I'm sure that in the event it does change, a whole lot of Americans are going to be confused. Simple day to day activities would be complicated, such as buying gas, which would be measured in liters instead of gallons. That, the economic side to it, and how most people are resistant to change just show how difficult the change over would be.
well for gas being like 2 dollars a liter, idk they still will have the per litr instead of per gallon signs, they are easily compared to other gas stations I think itll be a problem with paperwork though, otherwise it might be better to change.


If by a problem of paperwork, you mean training and educating every construction worker, plumber, or average citizen that does anything in life, then I agree with you.
they just need to memorize a few conversions, old tools wont need to be destroyed such as rulers, since they have centimeters anyways they could still be used in a similar fashion, it takes one small class or two and they are done.


I think you're putting too much faith in the laziest generation in the history of the universe.

But hey, there's an app for that.
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It'd be nice to have everyone on the same page, but I don't think it is feasible for America to switch to the metric system.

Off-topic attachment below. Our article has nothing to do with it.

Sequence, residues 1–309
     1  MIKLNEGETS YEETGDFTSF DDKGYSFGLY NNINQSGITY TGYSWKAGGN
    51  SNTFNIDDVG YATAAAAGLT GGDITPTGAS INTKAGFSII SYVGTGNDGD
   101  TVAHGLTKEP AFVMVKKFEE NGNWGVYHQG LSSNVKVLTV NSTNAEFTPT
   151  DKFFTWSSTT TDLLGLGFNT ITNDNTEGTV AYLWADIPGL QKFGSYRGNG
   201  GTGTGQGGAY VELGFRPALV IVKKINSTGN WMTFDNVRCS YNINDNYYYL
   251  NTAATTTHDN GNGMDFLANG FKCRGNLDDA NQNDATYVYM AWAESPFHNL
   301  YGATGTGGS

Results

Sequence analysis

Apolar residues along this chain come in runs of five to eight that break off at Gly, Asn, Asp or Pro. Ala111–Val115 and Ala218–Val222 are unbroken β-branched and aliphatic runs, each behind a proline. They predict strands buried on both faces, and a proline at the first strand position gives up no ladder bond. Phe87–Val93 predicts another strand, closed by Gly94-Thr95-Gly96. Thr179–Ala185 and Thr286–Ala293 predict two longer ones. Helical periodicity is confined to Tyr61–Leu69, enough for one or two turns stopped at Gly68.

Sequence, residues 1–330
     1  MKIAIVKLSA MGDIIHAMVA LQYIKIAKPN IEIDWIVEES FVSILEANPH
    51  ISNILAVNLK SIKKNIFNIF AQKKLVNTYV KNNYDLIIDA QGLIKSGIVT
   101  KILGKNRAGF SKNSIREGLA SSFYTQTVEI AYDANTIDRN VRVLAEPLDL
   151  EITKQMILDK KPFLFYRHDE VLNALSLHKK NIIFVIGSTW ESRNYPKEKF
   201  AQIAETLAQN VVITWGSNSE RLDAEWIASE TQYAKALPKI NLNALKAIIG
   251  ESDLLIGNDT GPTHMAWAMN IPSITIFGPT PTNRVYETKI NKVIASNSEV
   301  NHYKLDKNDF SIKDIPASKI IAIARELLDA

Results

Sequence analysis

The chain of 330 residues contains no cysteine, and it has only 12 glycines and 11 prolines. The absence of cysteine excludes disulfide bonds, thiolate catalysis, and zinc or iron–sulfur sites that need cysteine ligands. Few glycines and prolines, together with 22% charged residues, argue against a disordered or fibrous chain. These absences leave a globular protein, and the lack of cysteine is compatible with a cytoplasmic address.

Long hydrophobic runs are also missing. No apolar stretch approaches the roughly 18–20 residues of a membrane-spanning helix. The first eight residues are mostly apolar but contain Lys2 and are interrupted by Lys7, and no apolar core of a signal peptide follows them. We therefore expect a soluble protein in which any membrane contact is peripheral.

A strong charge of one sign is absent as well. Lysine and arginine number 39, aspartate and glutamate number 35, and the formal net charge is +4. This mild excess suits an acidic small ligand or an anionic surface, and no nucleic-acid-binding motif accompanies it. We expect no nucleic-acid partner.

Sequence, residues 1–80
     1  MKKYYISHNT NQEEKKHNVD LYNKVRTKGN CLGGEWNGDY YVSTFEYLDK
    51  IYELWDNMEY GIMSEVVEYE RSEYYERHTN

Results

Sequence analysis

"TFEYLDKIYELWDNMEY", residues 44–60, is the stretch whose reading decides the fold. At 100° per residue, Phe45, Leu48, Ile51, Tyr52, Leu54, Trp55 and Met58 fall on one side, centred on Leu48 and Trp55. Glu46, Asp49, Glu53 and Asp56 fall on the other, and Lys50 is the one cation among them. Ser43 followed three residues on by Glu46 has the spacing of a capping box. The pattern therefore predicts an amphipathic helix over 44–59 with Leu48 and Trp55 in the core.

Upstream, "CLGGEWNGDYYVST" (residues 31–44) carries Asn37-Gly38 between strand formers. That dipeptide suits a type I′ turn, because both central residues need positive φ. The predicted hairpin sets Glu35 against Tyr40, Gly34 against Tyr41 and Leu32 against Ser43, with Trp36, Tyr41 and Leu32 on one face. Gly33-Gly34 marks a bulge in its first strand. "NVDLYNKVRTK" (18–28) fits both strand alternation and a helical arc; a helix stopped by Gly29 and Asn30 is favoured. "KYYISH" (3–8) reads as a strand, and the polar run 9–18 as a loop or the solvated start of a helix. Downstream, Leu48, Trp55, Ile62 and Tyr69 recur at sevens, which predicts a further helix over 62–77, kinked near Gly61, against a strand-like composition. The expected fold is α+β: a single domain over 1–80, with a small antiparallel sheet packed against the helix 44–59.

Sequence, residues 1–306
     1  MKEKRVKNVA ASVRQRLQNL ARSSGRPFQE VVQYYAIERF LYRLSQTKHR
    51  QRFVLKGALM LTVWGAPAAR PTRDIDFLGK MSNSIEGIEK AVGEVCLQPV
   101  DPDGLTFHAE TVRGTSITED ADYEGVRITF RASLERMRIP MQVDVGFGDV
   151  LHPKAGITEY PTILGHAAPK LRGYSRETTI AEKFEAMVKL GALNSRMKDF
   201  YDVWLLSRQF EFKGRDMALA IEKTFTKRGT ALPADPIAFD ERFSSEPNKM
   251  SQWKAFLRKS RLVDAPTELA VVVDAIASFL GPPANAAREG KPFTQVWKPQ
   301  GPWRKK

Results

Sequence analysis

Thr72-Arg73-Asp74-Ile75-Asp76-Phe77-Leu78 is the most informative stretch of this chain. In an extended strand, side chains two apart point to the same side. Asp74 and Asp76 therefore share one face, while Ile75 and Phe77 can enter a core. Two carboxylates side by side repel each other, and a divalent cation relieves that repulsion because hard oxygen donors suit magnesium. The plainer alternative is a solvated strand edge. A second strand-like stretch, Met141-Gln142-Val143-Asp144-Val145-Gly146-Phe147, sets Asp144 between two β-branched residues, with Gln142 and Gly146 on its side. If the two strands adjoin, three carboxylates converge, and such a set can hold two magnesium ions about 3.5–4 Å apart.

The expense alone is reason not to. Measurements on packaged products would have to be changed, whether gradually to give people time to adjust or all at once. The switch to the metric system would also affect housing and lot sizes, the measurement of temperatures, and change of speed signs and mileage.

I'm sure that in the event it does change, a whole lot of Americans are going to be confused. Simple day to day activities would be complicated, such as buying gas, which would be measured in liters instead of gallons. That, the economic side to it, and how most people are resistant to change just show how difficult the change over would be.
well for gas being like 2 dollars a liter, idk they still will have the per litr instead of per gallon signs, they are easily compared to other gas stations I think itll be a problem with paperwork though, otherwise it might be better to change.


If by a problem of paperwork, you mean training and educating every construction worker, plumber, or average citizen that does anything in life, then I agree with you.
they just need to memorize a few conversions, old tools wont need to be destroyed such as rulers, since they have centimeters anyways they could still be used in a similar fashion, it takes one small class or two and they are done.


I think you're putting too much faith in the laziest generation in the history of the universe.

But hey, there's an app for that.
The fact that there werent enough to petition for this before shows that we are not the laziest, since its this generation actually doing something.
Vague Void's avatar

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Vague Void
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Vague Void
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Vague Void
It'd be nice to have everyone on the same page, but I don't think it is feasible for America to switch to the metric system.